Me is a fear of flying, cookie burning, fashion challenged, business commitment scaredy cat, classroom averse blog writer.

The Best Thing in Life is being able to tell that ugly part of my brain to go suck it because I’m just fine the way I am.

 

Winter Concert

concert

 

Last night I went to my eight year old daughter’s school winter concert.  Mandatory for all parents to sit though every year whether their daughter is the littlest snowflake out in front or the one stuck in the last row with a snowflake headband over their eyes.

The concert started out without incident.  Recorders and xylophones played by grade four students accompanying sweet little kindergarten voices singing about Papa Noel.  Then a group of grade one to four students told the story of snowflakes and snirt (snow mixed with dirt).  Parents jostling for the best position to video their little darling from so that they can show grandparents on Christmas Day.

It’s usually about this time that we, as parents, are checking our watches wondering how much longer we can sit on the, oh so comfortable, bleachers without needing a trip to the chiropractor the next day.  Surely it can’t be much longer.

The last group of kids to go was the grade seven class.  They were going to sing a carol both in English and French.  Is started with two of the students out front with microphones and the rest of the students backing them up.  As they finished their solos two more student came down to do theirs.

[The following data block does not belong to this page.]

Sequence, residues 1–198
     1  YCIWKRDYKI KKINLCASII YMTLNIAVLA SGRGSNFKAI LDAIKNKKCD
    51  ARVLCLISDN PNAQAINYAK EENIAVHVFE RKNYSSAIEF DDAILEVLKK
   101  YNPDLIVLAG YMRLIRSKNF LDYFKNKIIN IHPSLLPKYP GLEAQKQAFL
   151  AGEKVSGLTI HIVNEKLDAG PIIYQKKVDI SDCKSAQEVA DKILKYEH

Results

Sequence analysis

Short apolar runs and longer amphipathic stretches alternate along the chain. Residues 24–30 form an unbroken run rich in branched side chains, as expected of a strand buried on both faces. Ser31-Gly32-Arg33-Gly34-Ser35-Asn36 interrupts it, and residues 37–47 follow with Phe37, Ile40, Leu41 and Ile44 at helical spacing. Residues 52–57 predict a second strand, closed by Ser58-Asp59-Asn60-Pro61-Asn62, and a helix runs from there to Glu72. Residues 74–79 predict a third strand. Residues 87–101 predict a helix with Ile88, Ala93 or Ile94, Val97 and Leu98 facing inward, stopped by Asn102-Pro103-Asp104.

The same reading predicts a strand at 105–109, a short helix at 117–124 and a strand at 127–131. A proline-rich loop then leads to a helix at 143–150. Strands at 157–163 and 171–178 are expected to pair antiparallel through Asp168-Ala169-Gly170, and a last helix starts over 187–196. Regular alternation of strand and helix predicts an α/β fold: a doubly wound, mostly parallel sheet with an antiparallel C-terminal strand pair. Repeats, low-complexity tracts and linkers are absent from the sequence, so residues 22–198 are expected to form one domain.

It was a few minutes in and a boy in a white shirt started to walk down to the mic.

As he walked down he motioned to the music teacher that he needed the words…..but there was no time and he missed his cue.

The next two students had already started to come down to take their places and the boy in the white shirt walked back to his spot and hung his head.  You could feel his disappointment in every corner of the auditorium.

The song went on and still he hung his head.  His buddy next to him patted him on the back in encouragement as the song ended.

As we politely applauded the music director went over to the boy and said something to him.  No response.  Again he asked him and he finally shrugged his shoulders.  The director took the mic.

“I am so incredibly proud of this grade seven class.  It takes so much courage to step out front and perform a solo. Sometimes you get a second chance so we are going to try that one again if it’s all right with you.”

So the students took their places again and the music director gave the cue to start.  This time the boy in the white shirt gave himself extra time to get down to the mic and find his spot on the song sheet.  We all held our breath.

He started to sing his solo and……nailed it.  Everyone in the auditorium was clapping wildly and most of us were wiping tears away.

That moment happened because of a great teacher. A teacher who knew his students and knew what they were capable of.  The boy in the white shirt will never forget his last elementary school winter concert and neither will we.

The Best Thing in Life is a teacher who will never give up on your kids.